The internal structure of the bureaucracy, as witnessed by Chief Councilor Spiros Andros an documented by Epilos, was not unlike the Cartesian dynasty of the 6th century, under the little-known Habacus of Southern France (ibid, p. 899), not in its want of a political head, that is to say, a leader, but rather in its seeming tolerance and perhaps even inclination towards that one desire man has been struggling to conquer since the earliest days of Scripture.
Makes you want to get out the blue pencil, doesn't it? As an academic, I found this hilarious because... it's true. This is what reading academic papers is like (not all, there are some fabulous writers in academia, but they are rare and their writing should be treasured). I always wondered why I fell asleep when doing research as a grad student—why I couldn't remember what a paper was about for the group discussion just one hour later—but now it's crystal clear: it's because academics write like this.
I've been writing for Nature Education Knowledge, which is an online educational resource geared toward undergraduates (but also applicable to the advanced high school student). I've contributed to the Ecology topics, both as a writer and as a reviewer. All papers are peer-reviewed: reviewed by other members of the academic community for readability and accuracy.
I've noticed two main problems in the papers I've reviewed. One is a lack of accessible vocabulary; the use of jargon that only other scientists would know. The other is the tendency of academics to write long, convoluted sentences (see above) that are nearly impossible to follow unless you are already intimately familiar with the subject matter.
This doesn't work for an educational publication. More often that not, I find myself suggesting that the author cut long sentences into two, sometimes three separate sentences. If the reader can grasp the concept within one short sentence, then s/he will be prepared to take on the next one. But if the concept is wrapped within another concept, this task becomes nearly impossible. Particularly when the reader must understand the terminology in order to understand the concept (authors can mark terms for inclusion in the glossary, but readers must look up the terms before they can continue reading).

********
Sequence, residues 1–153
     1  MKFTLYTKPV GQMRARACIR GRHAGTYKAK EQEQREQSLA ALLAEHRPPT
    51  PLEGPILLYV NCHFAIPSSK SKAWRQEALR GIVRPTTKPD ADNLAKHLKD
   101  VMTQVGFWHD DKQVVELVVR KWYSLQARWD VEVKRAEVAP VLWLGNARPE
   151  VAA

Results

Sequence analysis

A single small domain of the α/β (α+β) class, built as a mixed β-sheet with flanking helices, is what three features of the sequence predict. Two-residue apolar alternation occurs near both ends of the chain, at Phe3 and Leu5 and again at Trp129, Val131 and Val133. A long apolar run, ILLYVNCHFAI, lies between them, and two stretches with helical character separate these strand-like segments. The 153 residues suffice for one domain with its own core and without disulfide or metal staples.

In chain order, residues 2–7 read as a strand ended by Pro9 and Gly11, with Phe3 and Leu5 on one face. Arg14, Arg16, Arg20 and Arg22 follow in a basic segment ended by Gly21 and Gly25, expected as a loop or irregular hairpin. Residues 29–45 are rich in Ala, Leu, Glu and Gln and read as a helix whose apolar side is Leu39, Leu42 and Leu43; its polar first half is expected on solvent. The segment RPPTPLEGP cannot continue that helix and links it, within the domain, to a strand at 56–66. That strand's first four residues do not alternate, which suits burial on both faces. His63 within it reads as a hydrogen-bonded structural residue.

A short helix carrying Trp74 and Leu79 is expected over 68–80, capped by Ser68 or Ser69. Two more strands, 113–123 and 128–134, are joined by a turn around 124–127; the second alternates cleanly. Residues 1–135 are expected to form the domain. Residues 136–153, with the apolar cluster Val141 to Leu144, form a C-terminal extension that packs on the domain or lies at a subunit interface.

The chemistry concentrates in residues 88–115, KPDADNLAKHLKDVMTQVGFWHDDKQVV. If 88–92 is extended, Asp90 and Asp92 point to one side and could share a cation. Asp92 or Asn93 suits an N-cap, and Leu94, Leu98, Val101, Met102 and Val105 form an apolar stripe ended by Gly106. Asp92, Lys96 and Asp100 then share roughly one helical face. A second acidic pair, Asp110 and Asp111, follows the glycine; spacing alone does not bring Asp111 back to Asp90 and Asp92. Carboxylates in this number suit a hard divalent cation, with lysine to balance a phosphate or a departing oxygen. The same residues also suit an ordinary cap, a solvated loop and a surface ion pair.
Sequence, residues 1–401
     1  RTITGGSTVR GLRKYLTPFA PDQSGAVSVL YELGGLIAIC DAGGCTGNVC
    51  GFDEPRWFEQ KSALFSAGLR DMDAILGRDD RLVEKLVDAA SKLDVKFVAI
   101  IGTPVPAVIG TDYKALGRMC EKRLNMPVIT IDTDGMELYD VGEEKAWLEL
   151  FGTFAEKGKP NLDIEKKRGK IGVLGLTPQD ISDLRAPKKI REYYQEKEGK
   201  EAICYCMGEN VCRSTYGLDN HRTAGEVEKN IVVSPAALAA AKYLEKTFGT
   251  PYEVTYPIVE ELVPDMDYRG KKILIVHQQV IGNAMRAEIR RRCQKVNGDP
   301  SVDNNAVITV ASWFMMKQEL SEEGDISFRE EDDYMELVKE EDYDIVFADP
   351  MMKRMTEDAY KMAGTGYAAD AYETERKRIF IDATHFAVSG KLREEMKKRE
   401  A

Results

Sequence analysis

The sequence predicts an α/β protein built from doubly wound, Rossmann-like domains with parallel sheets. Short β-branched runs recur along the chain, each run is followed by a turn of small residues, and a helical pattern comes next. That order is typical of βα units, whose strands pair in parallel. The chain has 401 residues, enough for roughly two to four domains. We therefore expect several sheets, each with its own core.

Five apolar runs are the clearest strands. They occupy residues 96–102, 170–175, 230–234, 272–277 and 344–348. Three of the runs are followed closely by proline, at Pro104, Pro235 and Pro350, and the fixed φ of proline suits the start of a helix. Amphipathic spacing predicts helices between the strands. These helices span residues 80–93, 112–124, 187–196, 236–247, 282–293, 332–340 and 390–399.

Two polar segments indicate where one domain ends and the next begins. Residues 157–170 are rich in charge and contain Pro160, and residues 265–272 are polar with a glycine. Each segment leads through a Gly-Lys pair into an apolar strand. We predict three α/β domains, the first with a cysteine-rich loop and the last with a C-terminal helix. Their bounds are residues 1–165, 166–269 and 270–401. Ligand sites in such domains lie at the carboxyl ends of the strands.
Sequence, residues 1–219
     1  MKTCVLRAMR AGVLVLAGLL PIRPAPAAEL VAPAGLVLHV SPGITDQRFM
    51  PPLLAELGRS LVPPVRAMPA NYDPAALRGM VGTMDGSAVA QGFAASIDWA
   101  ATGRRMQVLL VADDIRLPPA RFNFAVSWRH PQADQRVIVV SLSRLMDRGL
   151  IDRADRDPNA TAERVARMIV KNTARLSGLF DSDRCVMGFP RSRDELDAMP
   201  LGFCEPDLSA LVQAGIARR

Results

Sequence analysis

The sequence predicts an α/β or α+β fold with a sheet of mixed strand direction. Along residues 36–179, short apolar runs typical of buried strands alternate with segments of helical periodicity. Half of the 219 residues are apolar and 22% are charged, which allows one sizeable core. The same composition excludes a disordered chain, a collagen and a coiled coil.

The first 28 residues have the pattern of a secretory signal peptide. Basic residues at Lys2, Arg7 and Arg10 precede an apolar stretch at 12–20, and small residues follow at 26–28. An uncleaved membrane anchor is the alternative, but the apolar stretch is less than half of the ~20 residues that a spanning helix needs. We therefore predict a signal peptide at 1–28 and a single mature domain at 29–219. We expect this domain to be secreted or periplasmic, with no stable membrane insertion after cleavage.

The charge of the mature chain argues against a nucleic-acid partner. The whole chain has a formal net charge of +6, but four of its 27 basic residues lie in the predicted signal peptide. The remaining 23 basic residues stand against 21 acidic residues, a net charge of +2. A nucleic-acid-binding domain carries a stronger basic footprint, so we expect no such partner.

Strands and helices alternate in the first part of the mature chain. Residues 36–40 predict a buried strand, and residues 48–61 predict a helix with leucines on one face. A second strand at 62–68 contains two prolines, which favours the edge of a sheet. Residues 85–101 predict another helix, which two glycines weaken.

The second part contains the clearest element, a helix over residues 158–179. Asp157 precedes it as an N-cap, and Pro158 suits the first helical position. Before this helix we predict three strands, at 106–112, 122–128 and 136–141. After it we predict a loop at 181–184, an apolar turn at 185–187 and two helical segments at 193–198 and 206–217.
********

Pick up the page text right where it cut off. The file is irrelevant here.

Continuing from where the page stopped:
This may sound like it's only applicable to academic writing, but it's not. In writing for children, one of the reasons non-fiction articles are rejected by magazines is because they are written at an inappropriate level for the intended reader. The same goes for writing books for children. New terms must be explained in an understandable way, using short sentences that the readers (or listeners) can understand. Knowledge is built, step by step.
And this all applies to fiction just as much as it does to non-fiction. Know what farandolae are? Or what kything is? Did you know what a pensieve was before you read Harry Potter? These are all fictional objects from fabulous books, terms that may become commonplace, but only because the authors who coined them explained them in an accessible way. So think about the vocabulary you use. Pay careful attention to sentence length. And see if your writing doesn't improve.
What is your favorite object from a work of fiction? What does it do?